coping with modern politics – Film Stories

The world of politics seems very divisive right now, and it can wreak havoc on our mental health: some thoughts on how to deal with it all.

Hello and welcome to Mental Health & Wellbeing Matters, our part of the Film Stories site where we talk about, as you probably guessed, mental health and wellbeing. If you’ve never read any of these articles before, this is a place where we write about things that can affect you, us, or the people around us. Just a few thoughts on coping with modern life too.

We work on simple rules: not all the articles we publish will be useful to everyone, but I hope that in this series there will be something that will be useful to you. And also, comments are welcome, and appreciated.

This week, we’re talking politics. Because I thought it would cheer everyone up!

It’s not so much what your policies are or what you think of the world. Heaven knows there are enough sites if that is what you are looking for. But instead, some thoughts on how to deal with the helplessness that surrounds the surveillance of modern politics. After all, in the UK and the US in recent years there has been a particularly divided leadership and heated sentiment on either side of policy debates. Sometimes it feels like just picking a side is no longer enough. You also seem to have to hate the other side too.

What I struggled with for a while was opening a news page every day and being hit with a bunch of headlines that made me feel miserable like a sin. And this feeling: what could I To do? How could I affect anything? How much power do we actually have on our side of the fence, aside from an election every few years? I didn’t find any helpful answers. I still really can’t. Instead, knowing that I wasn’t going to run for office (and I really have a lot of admiration for most people who do), I found ways to co-exist a bit.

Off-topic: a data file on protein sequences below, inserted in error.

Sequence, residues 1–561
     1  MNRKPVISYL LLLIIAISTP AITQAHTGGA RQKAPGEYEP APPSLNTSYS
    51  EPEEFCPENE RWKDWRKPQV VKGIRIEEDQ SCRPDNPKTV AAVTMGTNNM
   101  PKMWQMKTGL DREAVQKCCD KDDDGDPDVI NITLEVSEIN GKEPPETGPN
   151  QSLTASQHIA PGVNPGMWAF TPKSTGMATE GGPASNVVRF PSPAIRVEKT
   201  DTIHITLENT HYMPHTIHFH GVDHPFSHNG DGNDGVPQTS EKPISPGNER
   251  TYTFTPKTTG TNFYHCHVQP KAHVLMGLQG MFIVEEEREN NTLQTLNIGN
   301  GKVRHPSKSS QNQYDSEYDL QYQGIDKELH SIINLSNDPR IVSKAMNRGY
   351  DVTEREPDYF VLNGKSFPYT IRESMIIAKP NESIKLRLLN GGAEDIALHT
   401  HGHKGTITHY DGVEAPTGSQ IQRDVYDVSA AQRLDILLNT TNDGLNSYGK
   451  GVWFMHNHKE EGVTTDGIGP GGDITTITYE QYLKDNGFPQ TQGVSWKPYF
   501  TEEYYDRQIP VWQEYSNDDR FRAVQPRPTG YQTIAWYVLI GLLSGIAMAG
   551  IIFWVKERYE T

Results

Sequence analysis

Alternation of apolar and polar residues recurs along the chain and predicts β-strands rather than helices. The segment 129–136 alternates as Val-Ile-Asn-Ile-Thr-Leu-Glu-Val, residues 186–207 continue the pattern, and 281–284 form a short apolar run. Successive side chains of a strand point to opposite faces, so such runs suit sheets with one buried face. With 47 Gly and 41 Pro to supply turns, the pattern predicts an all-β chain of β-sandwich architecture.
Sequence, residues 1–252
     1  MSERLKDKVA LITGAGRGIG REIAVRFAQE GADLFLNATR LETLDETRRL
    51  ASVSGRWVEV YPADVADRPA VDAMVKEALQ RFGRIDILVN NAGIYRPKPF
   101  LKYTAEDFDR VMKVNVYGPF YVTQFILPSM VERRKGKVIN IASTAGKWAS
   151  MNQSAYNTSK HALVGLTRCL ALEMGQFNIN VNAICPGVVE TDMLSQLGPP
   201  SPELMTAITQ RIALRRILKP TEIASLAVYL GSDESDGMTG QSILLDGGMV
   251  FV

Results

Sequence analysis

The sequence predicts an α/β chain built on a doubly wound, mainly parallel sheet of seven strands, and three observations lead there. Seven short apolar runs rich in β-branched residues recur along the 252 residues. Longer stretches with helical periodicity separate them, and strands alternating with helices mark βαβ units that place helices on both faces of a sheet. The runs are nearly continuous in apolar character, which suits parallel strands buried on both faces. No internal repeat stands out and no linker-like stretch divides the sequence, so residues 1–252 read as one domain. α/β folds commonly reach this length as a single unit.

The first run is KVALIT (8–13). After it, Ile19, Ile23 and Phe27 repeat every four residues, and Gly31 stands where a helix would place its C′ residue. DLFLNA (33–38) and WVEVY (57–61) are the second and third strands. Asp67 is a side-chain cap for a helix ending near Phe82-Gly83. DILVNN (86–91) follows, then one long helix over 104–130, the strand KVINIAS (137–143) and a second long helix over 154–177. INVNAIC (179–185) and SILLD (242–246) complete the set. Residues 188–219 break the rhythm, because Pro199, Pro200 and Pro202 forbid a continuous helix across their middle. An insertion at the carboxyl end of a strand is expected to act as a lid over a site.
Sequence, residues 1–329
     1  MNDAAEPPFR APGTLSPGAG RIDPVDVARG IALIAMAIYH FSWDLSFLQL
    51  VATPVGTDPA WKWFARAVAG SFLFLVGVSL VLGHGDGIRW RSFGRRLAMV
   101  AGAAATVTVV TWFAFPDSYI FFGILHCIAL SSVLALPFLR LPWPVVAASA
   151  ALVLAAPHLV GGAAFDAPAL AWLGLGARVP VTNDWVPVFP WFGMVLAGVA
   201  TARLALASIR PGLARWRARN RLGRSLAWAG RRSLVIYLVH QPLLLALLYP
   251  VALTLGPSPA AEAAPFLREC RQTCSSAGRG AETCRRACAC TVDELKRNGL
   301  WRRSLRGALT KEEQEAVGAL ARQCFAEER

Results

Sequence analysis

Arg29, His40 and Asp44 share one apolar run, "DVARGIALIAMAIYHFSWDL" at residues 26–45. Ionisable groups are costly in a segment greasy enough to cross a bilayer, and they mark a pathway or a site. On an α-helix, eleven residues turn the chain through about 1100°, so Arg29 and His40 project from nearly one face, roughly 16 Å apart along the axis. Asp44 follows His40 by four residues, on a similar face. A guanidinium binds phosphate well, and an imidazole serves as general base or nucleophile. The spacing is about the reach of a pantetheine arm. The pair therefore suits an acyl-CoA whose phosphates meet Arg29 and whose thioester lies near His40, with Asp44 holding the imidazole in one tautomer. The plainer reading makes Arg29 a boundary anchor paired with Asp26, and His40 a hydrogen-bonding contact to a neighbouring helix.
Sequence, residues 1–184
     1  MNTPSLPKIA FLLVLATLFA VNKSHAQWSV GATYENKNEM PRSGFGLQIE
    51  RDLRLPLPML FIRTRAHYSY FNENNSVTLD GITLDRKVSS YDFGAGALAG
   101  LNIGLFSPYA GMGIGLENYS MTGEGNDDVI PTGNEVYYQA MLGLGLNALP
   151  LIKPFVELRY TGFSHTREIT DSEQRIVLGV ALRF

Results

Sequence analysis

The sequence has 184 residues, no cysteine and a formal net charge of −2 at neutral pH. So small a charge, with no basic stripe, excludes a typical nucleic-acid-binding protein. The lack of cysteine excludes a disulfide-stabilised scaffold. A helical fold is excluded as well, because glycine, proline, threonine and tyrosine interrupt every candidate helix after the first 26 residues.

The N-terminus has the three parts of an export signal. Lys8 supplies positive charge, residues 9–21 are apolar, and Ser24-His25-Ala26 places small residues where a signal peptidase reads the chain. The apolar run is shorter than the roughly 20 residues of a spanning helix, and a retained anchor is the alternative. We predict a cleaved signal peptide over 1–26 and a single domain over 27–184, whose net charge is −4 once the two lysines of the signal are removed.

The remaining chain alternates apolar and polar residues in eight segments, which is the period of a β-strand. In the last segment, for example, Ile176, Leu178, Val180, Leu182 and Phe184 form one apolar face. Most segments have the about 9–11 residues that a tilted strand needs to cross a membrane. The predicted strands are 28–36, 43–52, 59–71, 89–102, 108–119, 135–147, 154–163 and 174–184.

I found a small way to handle all this, and I hope there is something here that can be useful for someone.

First, I limited the amount of news I allowed myself to watch. If my head started to shut down a bit, I didn’t care for a few days and didn’t look. Even though I looked, I limited myself to one or two outlets, removing extremes and removing doomscrolling. Modern politics and modern news means there is a selling point that appeals to most, writing a version and slant on a story that also appeals to most. I went through a phase of reading the same story on many sites. I don’t do that anymore. My head is better off.

Nor did I go hunting for news. I stopped thinking “I wonder what happened in American politics today, I should watch”, and I was none the worse for it.

Also, small thing: I check that I am registered to vote, and I vote. Small thing, but I think it’s important.

Third, I do my best not to post a lot of politics on my social media. It’s not that I’m not interested – I absolutely am – I just try not to comment on everything. I have to be careful how much mental space I allow him. I have long concluded that my energies are better spent on small things where I can make some kind of difference than engaging in talk that makes me unhappy and does nothing useful.

Fourth, I realized that politics and politicians – again, it doesn’t matter which side you fall on – can affect my life, but I have some control over how I let them into my head. I raised the drawbridge a bit, and that helped.

None of this is perfect. You will probably have better ideas. But these are things that help my head a little, and I hope they can help yours.

This column returns next week. Everyone stay safe and take care of yourselves.

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